Does your skin feel tight and parched?

Or like its one size too small?

Do you notice fine horizontal lines running across your skin or on your forehead?

Then chances are you could be suffering from a dehydrated skin.

But a word of warning, before you can treat this condition correctly, it’s important to understand the difference between dehydrated and dry skin.


Dry skin is lacking in OIL and can be categorised into three groups:

  • Xerosis, this is generally the most common dry skin complaint
  • Ichthyosis, is moderate dry skin conditions
  • Ichthyosis vulgaris is the most severe dry skin condition. It is characterised by scaling skin, often found on the legs

Interesting fact: The reason our legs get dry, is because there are less sudoriferous glands in this area.


A Dehydrated skin is lacking in MOISTURE in the epidermis, the visible layer and is characterised by the following:


When discussing dehydration, it’s important to focus on structures within the epidermis that are responsible for moisture retention and balance, these include:

  • Acid mantle
  • Epidermal lipids
  • NMF (natural moisturizing factors) and TEWL (transepidermal water loss)
  • Sebaceous Secretions
  • Glycosaminoglycans
  • Lymphatic system

Your skins hydration depends on a functioning natural moisture factor.

As you can see having hydrated skin, a barrier that is intact, and the right amount of oil (sebum), is all a matter of balance. All tissue must maintain sufficient water balance for proper function, including the ability to adjust within your environment.

Balanced hydration is based on the following facts:

  • Relevant ambient humidity
  • The retention power of the stratum corneum
  • The amount of water transmitted from the inner to the outer layers of the skin
  • The time span, involving how long water moves from the lower skin layers to the upper regions of the stratum corneum



When we are young our skin is rich in lipids, these decrease with age which causes an imbalance in our skin’s natural lipid barrier.

Humectants that keep our skin plump and hydrated, such as hyaluronic acid and urea also deplete with age.

Are you burning the candle at both ends?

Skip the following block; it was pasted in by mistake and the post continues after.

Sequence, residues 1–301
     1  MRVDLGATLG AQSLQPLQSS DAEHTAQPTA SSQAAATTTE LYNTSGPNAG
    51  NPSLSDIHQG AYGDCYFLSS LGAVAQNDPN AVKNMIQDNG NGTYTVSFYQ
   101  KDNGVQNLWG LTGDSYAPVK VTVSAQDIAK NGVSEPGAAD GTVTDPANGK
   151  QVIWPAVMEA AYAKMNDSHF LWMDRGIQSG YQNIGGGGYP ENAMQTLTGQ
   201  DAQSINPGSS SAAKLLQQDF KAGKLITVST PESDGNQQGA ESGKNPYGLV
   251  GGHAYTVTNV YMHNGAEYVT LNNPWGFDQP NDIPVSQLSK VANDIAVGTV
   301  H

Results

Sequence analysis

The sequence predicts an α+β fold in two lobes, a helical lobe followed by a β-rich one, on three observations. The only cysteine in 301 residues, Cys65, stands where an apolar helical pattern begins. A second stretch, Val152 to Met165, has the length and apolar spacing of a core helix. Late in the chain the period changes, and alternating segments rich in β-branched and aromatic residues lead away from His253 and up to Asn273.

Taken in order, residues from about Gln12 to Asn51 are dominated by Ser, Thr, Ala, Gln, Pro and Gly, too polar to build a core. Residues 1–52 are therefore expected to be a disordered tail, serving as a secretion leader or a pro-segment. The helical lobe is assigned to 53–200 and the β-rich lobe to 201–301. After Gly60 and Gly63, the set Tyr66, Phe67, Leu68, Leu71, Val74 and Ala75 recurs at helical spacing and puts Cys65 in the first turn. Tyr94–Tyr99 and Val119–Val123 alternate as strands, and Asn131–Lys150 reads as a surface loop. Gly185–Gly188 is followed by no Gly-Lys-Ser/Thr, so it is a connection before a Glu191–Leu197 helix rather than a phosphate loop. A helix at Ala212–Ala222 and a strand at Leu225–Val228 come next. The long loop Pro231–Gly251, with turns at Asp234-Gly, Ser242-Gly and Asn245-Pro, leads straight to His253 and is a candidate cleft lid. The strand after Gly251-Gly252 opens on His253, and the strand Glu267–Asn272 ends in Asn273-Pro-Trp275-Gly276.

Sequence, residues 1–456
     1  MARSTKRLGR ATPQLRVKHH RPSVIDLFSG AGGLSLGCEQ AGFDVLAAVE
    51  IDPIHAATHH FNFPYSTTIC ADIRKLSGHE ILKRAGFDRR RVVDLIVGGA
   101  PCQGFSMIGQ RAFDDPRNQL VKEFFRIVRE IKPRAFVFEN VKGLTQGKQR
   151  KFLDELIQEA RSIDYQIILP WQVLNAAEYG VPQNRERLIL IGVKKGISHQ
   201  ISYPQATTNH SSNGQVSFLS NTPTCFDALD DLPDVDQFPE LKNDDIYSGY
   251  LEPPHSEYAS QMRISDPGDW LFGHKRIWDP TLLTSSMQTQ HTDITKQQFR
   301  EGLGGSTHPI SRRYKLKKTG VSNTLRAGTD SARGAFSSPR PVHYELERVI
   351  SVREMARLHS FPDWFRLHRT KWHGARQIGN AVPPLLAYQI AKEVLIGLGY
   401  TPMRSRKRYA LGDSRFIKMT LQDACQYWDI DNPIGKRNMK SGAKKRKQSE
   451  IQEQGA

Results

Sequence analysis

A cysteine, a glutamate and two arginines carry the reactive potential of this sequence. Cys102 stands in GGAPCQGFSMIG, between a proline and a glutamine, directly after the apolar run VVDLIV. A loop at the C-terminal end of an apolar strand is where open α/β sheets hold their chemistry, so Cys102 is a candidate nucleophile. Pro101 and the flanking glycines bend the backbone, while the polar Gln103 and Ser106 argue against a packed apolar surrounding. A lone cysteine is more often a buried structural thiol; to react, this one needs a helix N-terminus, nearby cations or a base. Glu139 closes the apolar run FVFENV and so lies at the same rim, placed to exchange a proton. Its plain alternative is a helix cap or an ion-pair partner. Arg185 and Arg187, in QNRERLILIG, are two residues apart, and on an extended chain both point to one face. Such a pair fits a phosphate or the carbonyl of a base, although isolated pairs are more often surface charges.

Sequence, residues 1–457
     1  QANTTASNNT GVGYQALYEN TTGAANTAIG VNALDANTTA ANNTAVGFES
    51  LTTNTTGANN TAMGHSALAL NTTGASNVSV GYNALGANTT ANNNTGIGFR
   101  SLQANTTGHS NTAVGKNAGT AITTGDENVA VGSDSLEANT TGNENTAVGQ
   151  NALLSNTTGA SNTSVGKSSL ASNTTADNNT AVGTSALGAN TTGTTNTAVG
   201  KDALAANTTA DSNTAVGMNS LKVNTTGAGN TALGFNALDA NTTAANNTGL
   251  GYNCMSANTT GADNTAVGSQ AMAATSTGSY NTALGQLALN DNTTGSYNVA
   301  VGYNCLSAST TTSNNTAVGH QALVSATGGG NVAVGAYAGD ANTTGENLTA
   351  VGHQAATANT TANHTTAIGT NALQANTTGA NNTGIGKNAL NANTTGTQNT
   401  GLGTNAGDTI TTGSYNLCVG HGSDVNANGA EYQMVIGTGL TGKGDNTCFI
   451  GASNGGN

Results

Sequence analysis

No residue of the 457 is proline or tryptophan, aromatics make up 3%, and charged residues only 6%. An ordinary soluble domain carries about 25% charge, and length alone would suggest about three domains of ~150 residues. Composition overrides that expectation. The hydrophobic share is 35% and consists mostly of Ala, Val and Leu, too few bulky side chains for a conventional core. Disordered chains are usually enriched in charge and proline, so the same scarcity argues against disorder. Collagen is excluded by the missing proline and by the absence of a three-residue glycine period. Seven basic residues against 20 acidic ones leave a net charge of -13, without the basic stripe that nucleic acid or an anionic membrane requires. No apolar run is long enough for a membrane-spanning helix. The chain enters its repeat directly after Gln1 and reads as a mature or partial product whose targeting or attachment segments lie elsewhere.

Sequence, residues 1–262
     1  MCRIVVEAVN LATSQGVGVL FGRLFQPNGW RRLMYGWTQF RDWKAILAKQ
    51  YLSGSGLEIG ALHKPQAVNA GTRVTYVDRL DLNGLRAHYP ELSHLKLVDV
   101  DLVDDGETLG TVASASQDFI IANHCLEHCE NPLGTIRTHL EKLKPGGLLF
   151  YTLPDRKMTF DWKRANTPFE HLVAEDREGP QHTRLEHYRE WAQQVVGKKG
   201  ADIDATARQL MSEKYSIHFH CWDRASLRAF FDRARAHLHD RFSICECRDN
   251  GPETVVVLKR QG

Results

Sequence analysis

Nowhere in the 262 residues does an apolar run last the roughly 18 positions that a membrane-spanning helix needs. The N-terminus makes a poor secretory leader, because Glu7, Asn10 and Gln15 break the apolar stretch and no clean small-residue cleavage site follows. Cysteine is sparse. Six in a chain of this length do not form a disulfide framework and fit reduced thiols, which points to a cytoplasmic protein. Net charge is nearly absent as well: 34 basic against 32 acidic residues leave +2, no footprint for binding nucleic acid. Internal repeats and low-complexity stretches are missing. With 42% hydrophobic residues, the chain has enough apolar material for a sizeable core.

If your smoking, drinking, taking recreational or prescribed drugs, then chances are that you suffer from a dehydrated skin.

Dangerous chemicals, UV rays, cold wind, air conditioning and heating, are also some of the many other things that can dry out our skin.


What this tells us is that in order to get that clear skin difference, we need to achieve correct hydration within our skin cells.

This all depends on a functioning natural moisture factor, the skin barrier and balanced sebum.

Below are some of the classes of ingredients, responsible for moisture retention and balance:

Humectant products for hydration: These are critical for skin hydration; they work by attracting water from below the epidermis and the atmosphere, drawing it into the stratum corneum.
Hyaluronic acid, glycerin, urea, pyrrolidone carboxylic acid (PCA), lactic acid and sorbitol are all great examples of these ingredients.
Our humectant based skin shot H2O is a great way to give your skin a direct hit of moisture and to quench your skin.

Occlusives for skin protection: These contain wonderful rich phytosterols for skin healing, which have natural water barrier effects.
Shea butter, avocado, sunflower oil, cocoa butter, macadamia, jojoba, squalane evening primrose and baobab oil, are all lovely rich emollients, that keep your skin soft and supple.
Think treatment balms, both nectar and naturlene are great examples of this type of product.

Skin Identical Ingredients: These are acid mantle restoring ingredients that contain compounds found in our natural moisturizing factor (NMF). Ingredients such as copper peptides, urea, lactic acid, and pyrrolidone carboxylic acid (PCA), all help to keep moisture balanced in our skin.

Barrier restoring: Another range of skin identical ingredients that mimic those found in the stratum corneum are lipids.
They are essential building blocks found in skin’s outermost layer and include ceramides and oils rich in linoleic acid like sunflower oil, safflower, shea, baobab, rose hip seed oil, and evening primrose.
Fortify our barrier repair moisturiser will help to repair an undermined skin.


My clients will often say to me, I am not sure why my skin is so dry or dehydrated, I drink plenty of water.

Drinking those eight glasses of water is good for your body, but not for your skin.

Sorry to disappoint but think about it, if it was that easy to get rid of dehydrated skin, then we would all be drinking lots of water and there would be no incidents of dehydrated skin.

Whilst your skin is the largest organ on the body, it is the last to receive water and nutrients, all the other organs steal it first.

This means the cause and treatment for dehydrated skin is far more complicated than just drinking water, I recommend limiting coffee and alcohol, which can lead to dehydration.


These come in the form of linoleic acid, they contain prostaglandins which help to reduce inflammation within the body.

A deficiency in these all important acids, can lead to a dry, flaky, thin skin.


Finally remember that dehydration is due to a lack of water not oil, despite what you may have heard.

Even an oily skin can experience dehydration.

This means that the activity of your sebaceous glands, can be normal or even over active in a dehydrated skin.


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